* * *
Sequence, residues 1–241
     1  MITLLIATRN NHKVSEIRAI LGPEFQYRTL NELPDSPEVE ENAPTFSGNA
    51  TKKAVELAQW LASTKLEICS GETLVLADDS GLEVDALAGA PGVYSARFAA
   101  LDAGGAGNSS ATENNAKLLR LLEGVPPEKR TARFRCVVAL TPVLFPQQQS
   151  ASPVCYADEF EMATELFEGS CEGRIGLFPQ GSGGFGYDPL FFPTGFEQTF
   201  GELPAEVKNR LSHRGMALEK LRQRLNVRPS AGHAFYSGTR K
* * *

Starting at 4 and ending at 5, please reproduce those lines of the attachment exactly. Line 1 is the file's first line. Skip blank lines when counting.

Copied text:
   101  LDAGGAGNSS ATENNAKLLR LLEGVPPEKR TARFRCVVAL TPVLFPQQQS
   151  ASPVCYADEF EMATELFEGS CEGRIGLFPQ GSGGFGYDPL FFPTGFEQTF